The famous Black Power salute in the 1968 Olympics is one of my favorite news photos. It is one of these rare moments where a simple, spontaneous act carries so much political meaning. Like the sole protester standing in front of the tanks in Tiananmen Square. I probably saw it hundreds of times, and it still deeply inspires me.
Even if you have never seen it before and you have no idea of the political context, this scene remains extremely powerful: the black Mexican night, the black tracksuit of the athletes, the black gloves raised and the bowed heads of Tommie Smith and John Carlos, winners of gold and bronze medals in the 200 meters race. They only had one pair of gloves – that’s why smith raises his right hand and Carlos his left. Carlos has his tracksuit top unzipped. He did it to show solidarity with all blue collar workers in the U.S.
This act cost Smith and Carlos a suspension from the US team, their expulsion from the games and later on, decades of vicious criticism. Their lives have changed forever, and not for the better. It was no surprise then, that not one of the 11,028 athletes in the 2008 Olympics in Beijing had the courage (or the will) to protest the hosts’ poor human rights record. People find these kind of acts to be “weird” or “unprofessional”, which really means “scary” and “dangerous”.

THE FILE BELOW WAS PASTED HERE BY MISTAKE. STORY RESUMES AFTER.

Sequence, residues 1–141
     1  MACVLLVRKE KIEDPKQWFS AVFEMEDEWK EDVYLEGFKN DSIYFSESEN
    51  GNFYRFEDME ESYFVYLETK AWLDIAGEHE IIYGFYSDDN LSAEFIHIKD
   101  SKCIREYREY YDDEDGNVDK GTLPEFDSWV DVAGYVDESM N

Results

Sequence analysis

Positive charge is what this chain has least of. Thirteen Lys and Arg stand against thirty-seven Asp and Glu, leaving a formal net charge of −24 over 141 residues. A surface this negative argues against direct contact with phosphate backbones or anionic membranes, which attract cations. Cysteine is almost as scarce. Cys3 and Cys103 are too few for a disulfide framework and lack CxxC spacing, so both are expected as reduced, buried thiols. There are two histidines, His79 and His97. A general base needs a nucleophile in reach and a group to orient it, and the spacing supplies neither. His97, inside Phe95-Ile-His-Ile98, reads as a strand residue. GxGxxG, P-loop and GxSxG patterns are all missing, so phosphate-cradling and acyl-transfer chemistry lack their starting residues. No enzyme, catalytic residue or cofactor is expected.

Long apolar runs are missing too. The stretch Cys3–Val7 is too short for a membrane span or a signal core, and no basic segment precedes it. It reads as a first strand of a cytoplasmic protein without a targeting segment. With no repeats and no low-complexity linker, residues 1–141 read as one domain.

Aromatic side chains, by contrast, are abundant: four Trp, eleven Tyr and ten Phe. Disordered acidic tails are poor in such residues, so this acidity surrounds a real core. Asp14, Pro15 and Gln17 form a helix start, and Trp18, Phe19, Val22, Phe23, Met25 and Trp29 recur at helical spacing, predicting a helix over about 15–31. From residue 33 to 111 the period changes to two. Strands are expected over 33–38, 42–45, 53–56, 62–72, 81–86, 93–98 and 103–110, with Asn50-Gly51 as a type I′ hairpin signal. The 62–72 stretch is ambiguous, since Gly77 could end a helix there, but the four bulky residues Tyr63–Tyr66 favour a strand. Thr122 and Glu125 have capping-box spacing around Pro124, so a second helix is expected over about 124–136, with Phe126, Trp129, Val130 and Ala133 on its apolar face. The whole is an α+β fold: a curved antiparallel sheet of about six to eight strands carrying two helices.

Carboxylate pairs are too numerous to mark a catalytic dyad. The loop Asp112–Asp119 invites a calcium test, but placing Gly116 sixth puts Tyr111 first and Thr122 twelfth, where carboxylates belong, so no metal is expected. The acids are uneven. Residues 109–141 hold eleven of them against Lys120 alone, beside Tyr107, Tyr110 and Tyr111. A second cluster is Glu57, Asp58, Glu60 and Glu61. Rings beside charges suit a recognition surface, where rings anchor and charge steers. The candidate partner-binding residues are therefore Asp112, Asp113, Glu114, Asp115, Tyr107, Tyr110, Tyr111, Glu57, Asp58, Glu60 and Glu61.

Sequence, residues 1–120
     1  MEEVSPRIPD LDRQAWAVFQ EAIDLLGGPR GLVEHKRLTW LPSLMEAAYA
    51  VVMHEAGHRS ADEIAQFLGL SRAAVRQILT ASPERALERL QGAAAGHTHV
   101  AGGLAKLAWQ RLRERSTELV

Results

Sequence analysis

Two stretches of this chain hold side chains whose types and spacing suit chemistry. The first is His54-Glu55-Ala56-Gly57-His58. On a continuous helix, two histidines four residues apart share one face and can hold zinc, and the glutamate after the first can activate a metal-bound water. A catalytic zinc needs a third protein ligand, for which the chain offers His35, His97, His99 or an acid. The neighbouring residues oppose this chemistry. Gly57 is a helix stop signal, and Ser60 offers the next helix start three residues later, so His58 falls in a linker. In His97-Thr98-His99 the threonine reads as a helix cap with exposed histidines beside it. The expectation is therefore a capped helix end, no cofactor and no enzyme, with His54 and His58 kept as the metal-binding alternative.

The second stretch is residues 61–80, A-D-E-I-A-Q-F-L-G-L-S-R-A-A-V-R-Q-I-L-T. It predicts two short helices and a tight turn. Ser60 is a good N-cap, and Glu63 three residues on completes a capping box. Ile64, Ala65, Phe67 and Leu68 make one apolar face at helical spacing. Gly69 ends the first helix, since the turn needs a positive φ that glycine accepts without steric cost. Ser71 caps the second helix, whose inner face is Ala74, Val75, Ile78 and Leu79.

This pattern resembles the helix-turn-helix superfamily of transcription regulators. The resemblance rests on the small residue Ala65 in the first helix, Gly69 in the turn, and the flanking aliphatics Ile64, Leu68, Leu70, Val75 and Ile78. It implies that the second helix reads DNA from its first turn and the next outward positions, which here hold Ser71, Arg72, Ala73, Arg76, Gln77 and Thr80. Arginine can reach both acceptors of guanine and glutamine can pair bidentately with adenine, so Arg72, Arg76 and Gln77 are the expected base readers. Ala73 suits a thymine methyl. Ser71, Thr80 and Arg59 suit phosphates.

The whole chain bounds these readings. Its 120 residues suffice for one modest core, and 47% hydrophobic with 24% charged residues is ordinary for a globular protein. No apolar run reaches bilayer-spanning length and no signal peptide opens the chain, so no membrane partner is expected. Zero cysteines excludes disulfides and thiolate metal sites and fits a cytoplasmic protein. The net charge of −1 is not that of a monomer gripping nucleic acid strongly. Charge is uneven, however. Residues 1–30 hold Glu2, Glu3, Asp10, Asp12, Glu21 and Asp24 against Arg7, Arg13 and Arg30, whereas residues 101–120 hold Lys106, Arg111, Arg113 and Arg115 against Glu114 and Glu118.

The third man in the 1968 picture is Australian Peter Norman. He also wore the badge of The Olympic Project for Human Rights (the black protest organization established before the games). Norman, who also suffered harsh criticism for this act, died of a heart attack in 2006. Here is a photo of Smith and Carlos carrying his coffin.
Yesterday a friend sent me this photo (taken by Stan Grossfeld of the Boston Globe). Tommie Smith and John Carlos are hugging with their wives as they watch Barack Obama sworn as the President of the United States.